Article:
March 10, 2013 (RUMBEK) - Lakes state parliament on Thursday has voted to approve a loan requested by Lakes state caretaker military governor worth 1.1 million
South Sudanese pounds from Community Development fund (CDF).
- Matur Chuot Dhuol was appointed as caretaker governor of Lakes state in January 2013 (ST)
The Lakes state Ministry of Finance, Trade and Industry was ordered to withdraw money from CDF account at the Rumbek branch of the Kenya Commercial Bank (KCB).
According to a letter to assembly speaker by caretaker military Governor on Thursday 7 April 500,000 SSP will be spent on allowing MPs to go on recess and 600,000 will go towards "security related matters".
The state parliament approved the request on Friday 8 April. The Governor said that he would pay the loan back in June 2013, although he did not indicate from where he would obtain the funds.
Lakes state, like other states in South Sudan has been effected by austerity measures introduced after South Sudan stopped oil production over a transit fee dispute with Sudan, over a year ago.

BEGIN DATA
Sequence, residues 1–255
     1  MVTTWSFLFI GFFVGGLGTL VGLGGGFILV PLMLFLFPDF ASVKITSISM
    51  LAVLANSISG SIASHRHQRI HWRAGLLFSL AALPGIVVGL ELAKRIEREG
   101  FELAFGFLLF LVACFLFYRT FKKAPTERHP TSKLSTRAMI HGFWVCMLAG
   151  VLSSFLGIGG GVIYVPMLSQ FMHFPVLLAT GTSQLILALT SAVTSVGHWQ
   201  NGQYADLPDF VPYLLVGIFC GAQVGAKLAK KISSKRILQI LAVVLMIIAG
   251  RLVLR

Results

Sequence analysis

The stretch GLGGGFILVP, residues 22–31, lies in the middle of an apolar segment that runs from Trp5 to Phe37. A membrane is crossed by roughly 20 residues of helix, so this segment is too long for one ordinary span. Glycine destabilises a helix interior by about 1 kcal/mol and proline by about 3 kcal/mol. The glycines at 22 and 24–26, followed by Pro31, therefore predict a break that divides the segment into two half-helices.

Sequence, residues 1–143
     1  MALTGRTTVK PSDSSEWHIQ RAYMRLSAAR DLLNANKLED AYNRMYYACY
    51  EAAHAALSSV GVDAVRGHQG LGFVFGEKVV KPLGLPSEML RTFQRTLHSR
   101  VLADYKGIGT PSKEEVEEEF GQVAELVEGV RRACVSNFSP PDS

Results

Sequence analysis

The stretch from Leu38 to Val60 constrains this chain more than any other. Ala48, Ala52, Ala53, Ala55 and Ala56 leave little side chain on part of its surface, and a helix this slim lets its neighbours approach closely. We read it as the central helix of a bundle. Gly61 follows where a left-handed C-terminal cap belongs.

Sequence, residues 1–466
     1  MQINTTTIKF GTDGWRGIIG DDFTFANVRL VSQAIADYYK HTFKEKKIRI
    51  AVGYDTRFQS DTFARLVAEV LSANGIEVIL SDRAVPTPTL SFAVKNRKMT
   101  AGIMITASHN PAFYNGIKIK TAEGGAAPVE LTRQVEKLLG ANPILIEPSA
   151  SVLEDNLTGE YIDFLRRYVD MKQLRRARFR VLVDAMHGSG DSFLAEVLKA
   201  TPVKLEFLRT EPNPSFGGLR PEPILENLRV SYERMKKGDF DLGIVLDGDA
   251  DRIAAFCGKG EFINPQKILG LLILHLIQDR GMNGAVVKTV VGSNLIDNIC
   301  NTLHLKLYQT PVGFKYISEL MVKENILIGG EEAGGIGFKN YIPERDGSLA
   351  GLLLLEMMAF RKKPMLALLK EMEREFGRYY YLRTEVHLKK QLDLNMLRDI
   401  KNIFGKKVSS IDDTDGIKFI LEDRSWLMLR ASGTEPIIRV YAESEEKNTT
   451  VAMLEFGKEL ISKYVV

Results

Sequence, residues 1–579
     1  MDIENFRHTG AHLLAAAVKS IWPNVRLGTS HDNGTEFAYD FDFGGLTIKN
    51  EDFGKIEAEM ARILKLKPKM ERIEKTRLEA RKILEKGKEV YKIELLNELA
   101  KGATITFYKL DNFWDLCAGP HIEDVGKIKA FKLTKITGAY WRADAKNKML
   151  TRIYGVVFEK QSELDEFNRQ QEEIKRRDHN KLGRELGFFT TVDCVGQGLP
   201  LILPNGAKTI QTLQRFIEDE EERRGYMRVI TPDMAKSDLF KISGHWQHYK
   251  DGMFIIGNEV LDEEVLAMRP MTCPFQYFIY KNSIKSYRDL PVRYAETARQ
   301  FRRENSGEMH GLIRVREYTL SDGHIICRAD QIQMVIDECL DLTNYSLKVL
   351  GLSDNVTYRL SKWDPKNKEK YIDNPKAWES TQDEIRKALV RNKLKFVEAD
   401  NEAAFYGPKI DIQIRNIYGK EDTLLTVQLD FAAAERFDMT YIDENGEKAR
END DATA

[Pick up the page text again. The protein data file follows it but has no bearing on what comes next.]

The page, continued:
On February 29 the Lakes State Legislative Assembly retrospectively passed a budget covering July 2012 to July 2013 worth 154.7 million SSP, which was presented by state finance minister Joseph Maker Madit.
Maj-Gen Matur Chut Dhuol, was installed as the caretaker military in January with a brief from the president to restore security to the state, which has been blighted by cattle raiding and violence between rival clans of the indigenous Dinka tribe.
Dhuol has introduced a string of tough measures, with some residents accusing him of introducing marshal law. The measures Dhuol has introduced include:
- Warning the commissioners of all eight counties that they will be sacked of they fail to confront cattle raiders and bring them to justice.
- Threatening to close the Lakes State’s Legislative Assembly if politicians continue to debate political issues.
- Denying those arrested on suspicion of involvement in cattle raiding and inter-communal violence of access to their own lawyers and human rights officials.